James Piereson and Sheila Johnston Mulcahy
The William E. Simon Foundation recently appointed James Piereson as its new president and Sheila Johnston Mulcahy as its vice president. Both have long associations with the Simon Foundation. Piereson has served as a board member since 1998. Mulcahy joined the foundation in 1999 as a program associate and recently served as program director before her new appointment.
For the past 20 years, Piereson was executive director and trustee of the John M. Olin Foundation, which spent down its assets as its donor requested and closed its doors at the end of 2005. Before joining the Olin Foundation, Piereson served on the political science faculties of Iowa State University, Indiana University, and the University of Pennsylvania.
Within the next ten years, Piereson expects the Simon Foundation to make a significant impact in education, youth welfare, and religion. The foundation has approximately $153 million in assets and awarded grants of some $8.5 million in 2005 to over 200 religious, social welfare, and educational institutions. Its guiding credo is “helping people to help themselves.”
“In the broader public policy area,” says Piereson, “we’d certainly like to see faith play a larger role in discussions of key issues in the public square. We’d like to mount some serious programs that will contribute to that debate.” To that end, the foundation has been supporting thinkers and institutions doing innovative work in this area, such as Father Richard John Neuhaus at the Institute for Religion and Public Life, George Weigel at the Ethics and Public Policy Center, and Michael Novak at the American Enterprise Institute.
As program director, Sheila Mulcahy had already had broad responsibility for the Simon Foundation’s grant programs. According to Simon Foundation co-chair, J. Peter Simon, “Sheila has guided the programs of the Simon Foundation for the past several years with impressive skill and judgment. We are indebted to her for her work, and we have every confidence in her executive abilities. This is why we are adding to her responsibilities.”
In 1999, Mulcahy was a volunteer coordinator with a Catholic hospital in Manhattan when at the suggestion of William E. Simon Sr. she set up a meeting with Piereson to get advice on the non-profit sector. Little did she realize that she was being interviewed for a position at the Simon Foundation. She received an offer from Mr. Simon shortly thereafter.
Mulcahy, who holds a master’s degree from New York University, sees “the foundation becoming a leader in creating and supporting innovative solutions to fundamental needs.” In the areas of education and youth welfare, for instance, the foundation is building effective charter and private schools that will provide high-quality schooling for students in the New York City region, particularly the Bronx and Jersey City. Mulcahy is especially proud of how the foundation helped reverse declining enrollment in Jersey City Catholic elementary schools. The foundation issued a $150,000 grant in 2004 to develop a marketing strategy for the schools.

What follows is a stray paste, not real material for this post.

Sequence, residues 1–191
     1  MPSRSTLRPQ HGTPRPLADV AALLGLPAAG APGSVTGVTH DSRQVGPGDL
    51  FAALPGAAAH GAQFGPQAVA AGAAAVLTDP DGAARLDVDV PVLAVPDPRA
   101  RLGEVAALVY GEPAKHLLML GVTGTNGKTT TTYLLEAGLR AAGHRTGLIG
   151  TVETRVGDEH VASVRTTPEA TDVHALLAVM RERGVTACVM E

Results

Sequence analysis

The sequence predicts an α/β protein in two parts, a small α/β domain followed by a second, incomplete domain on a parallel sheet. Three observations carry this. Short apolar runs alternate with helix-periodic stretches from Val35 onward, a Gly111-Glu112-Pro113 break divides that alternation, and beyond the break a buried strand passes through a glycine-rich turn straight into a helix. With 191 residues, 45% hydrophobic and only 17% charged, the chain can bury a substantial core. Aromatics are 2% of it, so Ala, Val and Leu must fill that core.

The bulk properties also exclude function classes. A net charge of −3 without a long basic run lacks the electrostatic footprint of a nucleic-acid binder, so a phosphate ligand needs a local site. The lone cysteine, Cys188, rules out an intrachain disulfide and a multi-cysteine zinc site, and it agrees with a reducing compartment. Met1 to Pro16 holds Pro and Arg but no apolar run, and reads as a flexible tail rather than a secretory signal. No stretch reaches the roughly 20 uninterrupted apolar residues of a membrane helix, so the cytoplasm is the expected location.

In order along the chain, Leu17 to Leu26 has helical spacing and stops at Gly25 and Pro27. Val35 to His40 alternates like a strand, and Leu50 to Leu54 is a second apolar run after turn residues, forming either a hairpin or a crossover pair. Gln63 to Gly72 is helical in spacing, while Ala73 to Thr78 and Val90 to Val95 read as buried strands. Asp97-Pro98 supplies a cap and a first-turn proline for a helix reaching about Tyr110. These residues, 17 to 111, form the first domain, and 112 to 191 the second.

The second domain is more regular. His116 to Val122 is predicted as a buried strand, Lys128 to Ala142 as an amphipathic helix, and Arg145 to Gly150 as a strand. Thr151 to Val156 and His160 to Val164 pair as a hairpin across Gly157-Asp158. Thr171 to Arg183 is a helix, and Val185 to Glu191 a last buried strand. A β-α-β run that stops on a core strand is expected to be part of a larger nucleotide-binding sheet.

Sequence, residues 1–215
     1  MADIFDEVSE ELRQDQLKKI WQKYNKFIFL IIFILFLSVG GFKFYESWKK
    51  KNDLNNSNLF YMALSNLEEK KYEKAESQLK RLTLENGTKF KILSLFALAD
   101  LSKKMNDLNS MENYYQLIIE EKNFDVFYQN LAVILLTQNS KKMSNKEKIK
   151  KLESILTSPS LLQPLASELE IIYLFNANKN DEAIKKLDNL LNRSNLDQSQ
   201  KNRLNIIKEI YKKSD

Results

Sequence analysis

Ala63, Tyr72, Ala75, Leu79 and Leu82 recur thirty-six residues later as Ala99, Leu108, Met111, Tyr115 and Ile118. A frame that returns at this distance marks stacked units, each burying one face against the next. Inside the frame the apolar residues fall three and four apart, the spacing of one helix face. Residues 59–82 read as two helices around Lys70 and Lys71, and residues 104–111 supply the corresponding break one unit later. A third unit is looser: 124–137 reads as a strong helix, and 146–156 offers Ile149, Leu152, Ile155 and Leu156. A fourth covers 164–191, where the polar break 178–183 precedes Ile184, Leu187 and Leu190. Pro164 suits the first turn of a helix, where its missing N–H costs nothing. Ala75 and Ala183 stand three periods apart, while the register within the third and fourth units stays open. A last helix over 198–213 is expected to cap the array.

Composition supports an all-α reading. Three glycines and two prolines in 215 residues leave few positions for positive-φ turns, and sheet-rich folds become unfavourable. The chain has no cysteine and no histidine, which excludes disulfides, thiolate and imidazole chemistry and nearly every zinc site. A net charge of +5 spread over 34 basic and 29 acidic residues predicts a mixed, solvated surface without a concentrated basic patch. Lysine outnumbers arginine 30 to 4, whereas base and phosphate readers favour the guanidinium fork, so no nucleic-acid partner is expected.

Since the marketing plan was put into effect, enrollment has either reversed itself, leveled off, or at least slowed its decline in half of the participating schools. In its first year, this resulted in nearly $600,000 in tuition dollars that the schools would have been without had the decline continued. And last year the foundation annou
nced a million-dollar challenge grant matching new or increased donations for the schools, which the schools have more than matched.
Given such results, foundation co-chair William E. Simon Jr. believes that “with Jim and Sheila’s leadership, the future of the Simon Foundation is bright indeed.”
The John William Pope Foundation of Raleigh, North Carolina, recently named David Riggs its vice president of operations and programs. Prior to joining the Pope Foundation, Riggs was the program officer for environment at the Charles G. Koch Charitable Foundation in Washington, D.C. “Leaving a foundation that truly excels at advancing social progress was not an easy decision,” Riggs tells Philanthropy. “The John William Pope Foundation, however, is poised to bring a variety of breakthrough philanthropic endeavors to the state of North Carolina—as well as contribute on the national level—and I am thrilled to be a part of that future.”
Last year, the Pope Foundation distributed more than $7 million in the areas of health care, K-12 education, higher education, environmental policy, and civil justice reform. Donors John and Art Pope also fund the John Locke Foundation, which publishes studies and hosts events addressing wasteful government spending, tax burdens for families, unsafe communities, oppressive business regulations, and a decline of self-reliance and individual freedom, among other issues. The John Locke Foundation also founded the Pope Center for Higher Education Policy, “which seeks to bring innovative thinking and critical analysis to the field of higher education in North Carolina and across the nation.”
Riggs applauds the Pope Foundation’s “demonstrated capabilities in building a nonprofit infrastructure that advances the well-being of all North Carolinians. The Foundation achieves this result through understanding, developing, and expanding the institutions in a free society that generate great wealth and allow freedom to flourish. I am looking forward to the opportunity to advance prosperity and freedom in North Carolina and beyond.”